Black spot

July 30, 2015


Diplocarpon rosae (fungus)




This fungal disease gets its common name from the symptoms produced on the leaves. Infected leaves drop off. Defoliation is worse in hot, humid weather. Leaf petioles, twigs, and canes may also be infected.

black spot
Symptoms of black spot begin on the lower leaves and progress upward; the fungus overwinters on infected leaves and canes.

How it’s spread

Splashing rain spreads the spores.


At least seven hours of continuous leaf wetness with temperatures above 68°F are needed for spore germination. Use trickle irrigation or water early in the day to allow roses to dry quickly. Plant the roses in sunny locations with good air circulation. Rake up and destroy infected leaves; prune out infected canes before new growth starts in spring. Choose resistant cultivars where possible. Roses vary widely in their susceptibility to black spot; many hybrid teas, particularly yellow and orange roses, are particularly susceptible to black spot.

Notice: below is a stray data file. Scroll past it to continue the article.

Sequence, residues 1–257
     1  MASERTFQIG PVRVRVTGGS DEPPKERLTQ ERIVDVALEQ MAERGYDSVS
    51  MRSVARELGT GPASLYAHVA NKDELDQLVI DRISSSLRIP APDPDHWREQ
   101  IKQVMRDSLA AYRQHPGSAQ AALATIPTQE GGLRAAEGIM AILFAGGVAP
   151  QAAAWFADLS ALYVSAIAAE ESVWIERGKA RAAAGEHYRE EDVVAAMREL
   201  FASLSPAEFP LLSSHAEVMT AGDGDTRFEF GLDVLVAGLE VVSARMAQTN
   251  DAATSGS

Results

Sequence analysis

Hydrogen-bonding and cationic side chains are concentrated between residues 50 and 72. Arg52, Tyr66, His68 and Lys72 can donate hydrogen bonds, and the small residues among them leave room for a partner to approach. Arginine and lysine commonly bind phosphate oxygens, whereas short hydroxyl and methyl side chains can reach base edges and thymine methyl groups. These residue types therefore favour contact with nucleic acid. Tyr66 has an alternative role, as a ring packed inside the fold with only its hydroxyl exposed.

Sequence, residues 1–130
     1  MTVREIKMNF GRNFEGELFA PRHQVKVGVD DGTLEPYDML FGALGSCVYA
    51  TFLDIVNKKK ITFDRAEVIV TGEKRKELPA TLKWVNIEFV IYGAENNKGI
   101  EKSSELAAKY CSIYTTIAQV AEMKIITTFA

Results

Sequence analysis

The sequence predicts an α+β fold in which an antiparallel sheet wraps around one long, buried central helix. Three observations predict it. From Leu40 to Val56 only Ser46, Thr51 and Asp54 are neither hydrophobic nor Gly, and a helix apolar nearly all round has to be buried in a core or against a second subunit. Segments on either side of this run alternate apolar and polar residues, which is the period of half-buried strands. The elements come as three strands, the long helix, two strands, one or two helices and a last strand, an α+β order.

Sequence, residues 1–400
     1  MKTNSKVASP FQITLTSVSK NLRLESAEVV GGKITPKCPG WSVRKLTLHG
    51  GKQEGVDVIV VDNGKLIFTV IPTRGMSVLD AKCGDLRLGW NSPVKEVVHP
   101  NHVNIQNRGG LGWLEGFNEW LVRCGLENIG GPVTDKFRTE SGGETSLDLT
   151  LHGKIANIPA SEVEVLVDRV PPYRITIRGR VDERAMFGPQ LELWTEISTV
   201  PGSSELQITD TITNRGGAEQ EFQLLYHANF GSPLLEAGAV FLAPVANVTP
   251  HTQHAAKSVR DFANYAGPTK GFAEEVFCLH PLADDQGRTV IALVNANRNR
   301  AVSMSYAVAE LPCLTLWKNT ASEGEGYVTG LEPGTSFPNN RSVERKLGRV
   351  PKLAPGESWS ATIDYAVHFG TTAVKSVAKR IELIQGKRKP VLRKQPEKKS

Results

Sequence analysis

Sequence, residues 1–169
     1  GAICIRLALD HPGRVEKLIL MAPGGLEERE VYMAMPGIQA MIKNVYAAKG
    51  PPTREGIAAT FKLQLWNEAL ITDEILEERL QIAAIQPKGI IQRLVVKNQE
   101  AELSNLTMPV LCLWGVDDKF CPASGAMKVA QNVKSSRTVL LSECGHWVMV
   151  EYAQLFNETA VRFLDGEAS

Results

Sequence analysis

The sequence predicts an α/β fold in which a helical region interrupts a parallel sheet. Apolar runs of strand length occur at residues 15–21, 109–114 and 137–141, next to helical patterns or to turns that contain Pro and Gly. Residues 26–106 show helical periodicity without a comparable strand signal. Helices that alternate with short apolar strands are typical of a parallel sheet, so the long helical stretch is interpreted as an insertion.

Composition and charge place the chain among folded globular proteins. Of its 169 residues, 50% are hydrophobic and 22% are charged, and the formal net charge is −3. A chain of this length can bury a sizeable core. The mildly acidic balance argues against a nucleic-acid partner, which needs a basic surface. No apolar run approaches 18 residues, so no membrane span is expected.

black spot
Leaf symptoms, showing irregular black spots with fringed margins. Yellow halos develop as the disease symptoms progress.

Although black spot isn’t fatal, the disease can defoliate and weaken susceptible cultivars. Several fungicides are labeled for control.


Roses reported resistant to black spot include: Rosa wichuriana, R. roxburgii and some of the R. rugosa hybrids. Consult a current reference for a more complete listing of resistant cultivars and hybrids. Suggested reference for more detailed information on managing roses: Healthy Roses: Environmentally Friendly Ways to Manage Pests and Disorders in Your Garden and Landscape. Flint, M. L., and J. F. Karlik. 2000. Oakland: University of California ANR Publication 21589.

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